FIG. 1 is a block diagram of an instrument system which includes a cluster, signal sources, and microprocessor-based electronics that interfaces the signal sources with the gauges in the cluster.

FIG. 2 is a flow diagram for a data link read routine that is executed during operation of the system of FIG. 1.

FIG. 3 is a flow diagram for a gauge read and drive routine that is executed during operation of the system of FIG. 1.

DESCRIPTION OF THE PREFERRED EMBODIMENT

In FIG. 1 a representative instrument system 10 for an automotive vehicle such as a heavy truck comprises: an instrument cluster 12 containing a number of instrument gauges, G1, G2, . . . GN, gauge drive circuits 14, and a microprocessor 16. Signal sources for instrument cluster 12 are various standard sensors 18, and data that is published from time to time on a standard serial communication data link 20. The roots of data published on data link 20 may be virtually anywhere, but typically are sensors associated primarily with a major vehicle component such as an electronic engine controller 22, in which case, the sensor data is published on the data link in standard communication format after having been obtained via controller 22. This much of instrument system 10 represents known configurations which are in accordance with an industry standard specification, SAE J1708/J1587.

Such standard configurations are also programmed with certain data by means of an electronic programming tool 24. Programming tool 24 is a service device external to system 10, and is plugged into the system at time of original programming, or later on, if re-programming is to be performed. It is unplugged and removed after performing the programming or re-programming. The known programming tool programs memory of microprocessor 16 with signal source and calibration data for each gauge, G1, G2, . . . GN.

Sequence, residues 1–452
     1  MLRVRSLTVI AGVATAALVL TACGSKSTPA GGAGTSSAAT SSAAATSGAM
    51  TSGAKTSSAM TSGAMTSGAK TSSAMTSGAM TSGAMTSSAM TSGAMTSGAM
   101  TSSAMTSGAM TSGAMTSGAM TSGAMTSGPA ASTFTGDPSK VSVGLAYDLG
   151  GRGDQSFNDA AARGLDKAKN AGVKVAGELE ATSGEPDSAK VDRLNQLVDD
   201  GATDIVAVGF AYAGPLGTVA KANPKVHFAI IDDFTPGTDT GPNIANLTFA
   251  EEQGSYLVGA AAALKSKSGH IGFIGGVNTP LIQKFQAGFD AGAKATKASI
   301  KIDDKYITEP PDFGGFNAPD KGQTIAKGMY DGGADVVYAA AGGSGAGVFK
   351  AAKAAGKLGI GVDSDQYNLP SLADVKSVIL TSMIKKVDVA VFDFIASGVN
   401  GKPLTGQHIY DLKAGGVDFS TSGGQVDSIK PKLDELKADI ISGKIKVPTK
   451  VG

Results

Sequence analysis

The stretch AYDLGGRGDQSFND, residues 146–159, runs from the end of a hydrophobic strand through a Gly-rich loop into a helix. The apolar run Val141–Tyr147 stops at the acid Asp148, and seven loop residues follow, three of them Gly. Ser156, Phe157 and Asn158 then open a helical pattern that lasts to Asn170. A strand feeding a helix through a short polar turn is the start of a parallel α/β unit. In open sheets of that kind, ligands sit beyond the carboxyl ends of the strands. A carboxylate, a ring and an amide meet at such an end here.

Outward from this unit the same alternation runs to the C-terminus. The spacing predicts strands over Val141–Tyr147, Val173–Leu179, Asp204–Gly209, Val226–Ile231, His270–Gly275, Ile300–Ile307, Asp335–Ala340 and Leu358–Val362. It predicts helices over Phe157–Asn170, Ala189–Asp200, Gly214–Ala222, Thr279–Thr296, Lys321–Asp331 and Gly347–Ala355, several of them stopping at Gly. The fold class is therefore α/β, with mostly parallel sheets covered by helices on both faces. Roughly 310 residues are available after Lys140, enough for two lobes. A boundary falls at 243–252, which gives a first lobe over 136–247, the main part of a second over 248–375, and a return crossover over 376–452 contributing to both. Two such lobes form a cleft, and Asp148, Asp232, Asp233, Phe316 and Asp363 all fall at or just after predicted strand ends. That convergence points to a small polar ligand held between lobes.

In the functional system 10, each gauge pointer P1, P2, . . . PN is driven to an angular deflection by microprocessor 16 acting through a corresponding one of gauge drive circuits 14. The signal input to microprocessor 16 from each source is matched to and calibrated for the corresponding gauge by the microprocessor in accordance with the signal source and calibration data that has been programmed into non-volatile memory of the microprocessor by the programming tool. In this way, each pointer is driven to an angular deflection that represents the value of the corresponding signal input.

In the known systems, the response speed of a gauge movement is established by the physical construction of the gauge itself. Typically, a gauge is constructed for fast response, but if fast response is not desired, motion of the movement may be dampened by the particular viscosity of dampening fluid introduced into the gauge. Therefore, in the known systems, there may be a number of gauges that while outwardly appearing identical, are in actuality different because they contain different viscosities of dampening fluid or no such fluid at all.

According to principles of the present invention, the dampening of the motion of the gauge movement is accomplished, not by the particular viscosity of a dampening fluid in the gauge, but rather by programming a desired response speed for each gauge into microprocessor 16 by means of programming tool 24 contemporaneously with the programming of any signal source and calibration data for the gauge.